Putting that in plain English, they are looking for a move that they don't have to do anything else. They want to believe this 'uber-technique' (or more common 'ultimate attitude') will work not only for any kind of situation that they find themselves in, but will put a stop to it.

First off: That isn't how violence works. Any move is ONLY as good as what it is intended for. If it works -- at that second -- to achieve an immediate goal, then it is a 'good' move.

For example, a block is designed to keep you from getting hit. If it achieves that against a specific attack, that means it worked. Did that attack land? No. Then it was a good plan.

What that block is NOT designed to do is handle his next attack, much less render him incapable of launching that second attack. That would be a perfect plan. Something that not only keeps you safe from the immediate attack, but destroys the attacker in one awesome display of power.

But that is what WIMs are looking for.

The second point is they are often looking for those results without having even executed the good plan effectively. They want something that no matter how sloppily they perform it or use it at the wrong time or place, it is STILL guaranteed to 'work' (but that's another problem). These unrealistic expectations are the basis of their -- and I use this term loosely -- strategic thinking.

Oh BTW, did I also mention that they want it to work regardless of what the other guy is doing, how big he is, how experienced he is and how many there are? And it needs to be an instinctive, no brainer move too.

Are you beginning to see the problem with what they want regarding a complicated and dangerous subject?

This is a pervading attitude about every possible move. But let's show how this manifest with say ... a surprise punch. The optimum response is doing something that keeps you from getting hit. That's the number one priority -- especially because you might not get a chance to do anything else if the attack lands.

EXCEPT, instead of settling for something that will keep them from getting a broken jaw, WIMS want an action that will keep them safe, solve all the above problems and prevent him from attacking again.

Over the last 20 years, I've dealt with a lot of WIMs. And what I've noticed is that as a starting point their questions can be summed up as "But what if after I do this, he attacks again?"

Well, not to be the bearer of bad tidings, but if you've been bushwhacked of course he's going to attack again. The only thing your defensive action did was to keep his first attack from landing. As far as plans go, that's good enough.

In the next second, you're going to have to think up something else to address what is happening. There is no one move that works for everything. And yet, this is exactly what the WIMs are constantly asking for.

Lions And Tigers And Bears ... Oh My!
In the movie The Wizard of Oz, Dorothy, the Tin Man and the Scarecrow are whipping themselves up into a terrified frenzy while walking through the forest. A suggested danger has snowballed. With each one suggesting a new and additional danger. This ends with them chanting "Lions and tigers and bears ... oh my!" And then, alackaday! Their fears are realized when they meet a lion.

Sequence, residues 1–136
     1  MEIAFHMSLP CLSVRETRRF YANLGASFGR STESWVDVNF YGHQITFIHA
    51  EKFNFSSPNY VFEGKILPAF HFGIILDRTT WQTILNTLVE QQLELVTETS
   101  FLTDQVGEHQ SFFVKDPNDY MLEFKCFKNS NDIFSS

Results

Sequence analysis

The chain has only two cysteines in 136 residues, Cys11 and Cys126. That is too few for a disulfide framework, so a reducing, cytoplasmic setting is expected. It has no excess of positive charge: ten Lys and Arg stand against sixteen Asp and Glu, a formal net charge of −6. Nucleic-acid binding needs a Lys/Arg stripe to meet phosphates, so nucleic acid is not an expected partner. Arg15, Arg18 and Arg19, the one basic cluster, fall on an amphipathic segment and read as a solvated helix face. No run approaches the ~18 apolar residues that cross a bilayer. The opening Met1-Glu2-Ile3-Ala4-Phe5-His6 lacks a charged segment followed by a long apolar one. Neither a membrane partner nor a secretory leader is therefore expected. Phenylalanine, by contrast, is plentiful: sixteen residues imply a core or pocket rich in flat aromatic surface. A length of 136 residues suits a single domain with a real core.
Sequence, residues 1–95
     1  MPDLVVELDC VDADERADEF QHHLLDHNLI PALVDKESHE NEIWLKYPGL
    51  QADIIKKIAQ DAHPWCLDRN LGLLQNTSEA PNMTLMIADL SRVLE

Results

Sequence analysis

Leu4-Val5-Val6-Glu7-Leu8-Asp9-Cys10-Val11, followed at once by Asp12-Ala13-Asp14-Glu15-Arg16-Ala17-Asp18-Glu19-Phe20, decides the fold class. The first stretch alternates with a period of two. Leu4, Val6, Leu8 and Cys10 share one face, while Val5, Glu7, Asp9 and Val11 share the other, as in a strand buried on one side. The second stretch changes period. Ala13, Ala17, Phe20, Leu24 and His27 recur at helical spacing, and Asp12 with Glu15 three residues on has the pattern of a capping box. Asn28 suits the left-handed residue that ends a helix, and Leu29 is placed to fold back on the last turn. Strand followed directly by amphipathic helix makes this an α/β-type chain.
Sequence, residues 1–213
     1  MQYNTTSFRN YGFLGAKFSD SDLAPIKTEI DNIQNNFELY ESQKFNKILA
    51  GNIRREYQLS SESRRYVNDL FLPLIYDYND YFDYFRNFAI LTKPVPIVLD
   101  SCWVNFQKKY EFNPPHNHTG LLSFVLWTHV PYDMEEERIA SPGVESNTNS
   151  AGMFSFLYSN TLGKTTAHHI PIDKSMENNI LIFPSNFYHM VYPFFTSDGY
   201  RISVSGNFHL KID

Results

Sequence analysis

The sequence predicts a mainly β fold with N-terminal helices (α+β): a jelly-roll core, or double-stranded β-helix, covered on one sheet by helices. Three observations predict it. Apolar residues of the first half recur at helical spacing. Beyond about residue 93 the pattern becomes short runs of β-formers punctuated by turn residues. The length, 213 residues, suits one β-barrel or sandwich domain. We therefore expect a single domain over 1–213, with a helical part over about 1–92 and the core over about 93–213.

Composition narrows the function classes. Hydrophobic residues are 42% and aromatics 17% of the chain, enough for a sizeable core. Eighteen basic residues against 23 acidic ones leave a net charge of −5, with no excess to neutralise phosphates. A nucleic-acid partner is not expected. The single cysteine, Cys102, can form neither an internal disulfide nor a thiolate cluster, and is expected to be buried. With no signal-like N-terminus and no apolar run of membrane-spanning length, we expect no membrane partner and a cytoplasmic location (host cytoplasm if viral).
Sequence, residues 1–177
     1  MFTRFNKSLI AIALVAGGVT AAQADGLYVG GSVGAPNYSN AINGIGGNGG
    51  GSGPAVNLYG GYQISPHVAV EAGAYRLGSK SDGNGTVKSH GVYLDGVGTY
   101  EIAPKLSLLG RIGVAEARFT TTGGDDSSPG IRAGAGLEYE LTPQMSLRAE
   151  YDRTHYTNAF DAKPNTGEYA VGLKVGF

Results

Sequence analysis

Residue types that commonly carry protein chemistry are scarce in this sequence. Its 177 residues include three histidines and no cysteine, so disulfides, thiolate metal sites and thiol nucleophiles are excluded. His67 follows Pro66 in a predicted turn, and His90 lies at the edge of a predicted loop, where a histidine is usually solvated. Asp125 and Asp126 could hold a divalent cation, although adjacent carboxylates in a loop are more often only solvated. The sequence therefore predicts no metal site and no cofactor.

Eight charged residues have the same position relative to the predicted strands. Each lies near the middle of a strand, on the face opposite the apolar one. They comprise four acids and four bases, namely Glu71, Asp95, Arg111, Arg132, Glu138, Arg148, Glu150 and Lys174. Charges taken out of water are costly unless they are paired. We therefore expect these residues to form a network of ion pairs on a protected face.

That scene, where Dorothy et all, whip themselves into a frenzy over -- not only imagined dangers -- but escalating imagined dangers, is a good example of WIMs do to themselves. For every imagined danger, there's always something worse to continue the emotional spiral.

Except unlike the Wizard of Oz:
a) Given their lifestyle choices, they're really not likely to meet their imaginary boogey man
b) If they do, the real thing isn't likely to be cowardly.
c) They're more likely to panic and kick the shit out of a Munchkin that spooks them.

If you're having problems with Wizard of Oz references, realize that is the same problem most people have with WIMs' fantasies. This is especially true because people are afraid they'll be the Munchkin that accidentally spooks the WIM. 

WIMs have troubles outside training as well -- including coming across as a loose cannon to regular people.

The problem with WIMs isn't just that they are looking for the perfect plan for everyday violence (which is hard enough). They take it to an extreme. They want a perfect plan that works in whatever cock-a-mammy fantasy that they can come up with.

"What if I am walking down a dark alley with $20 bills hanging out of my pockets and I'm attacked by 27 Ninjas with Uzis? What do I do?"

Although that is an obvious exaggeration, there is no legitimate instructor of MA/SD/WSD/DT who hasn't been asked a question like this. We refer to these kind of extremely unlikely, no-win scenarios as "27 Ninja Questions." They are pretty much the identifying sign of WIMs. While everyone can innocently ask an unrealistic question, by the time you've handled 3 or 4 from the same person, you'll know you have a What-If-Monkey on your hands. This is especially true if these questions continually pop up in the middle of explanations of techniques.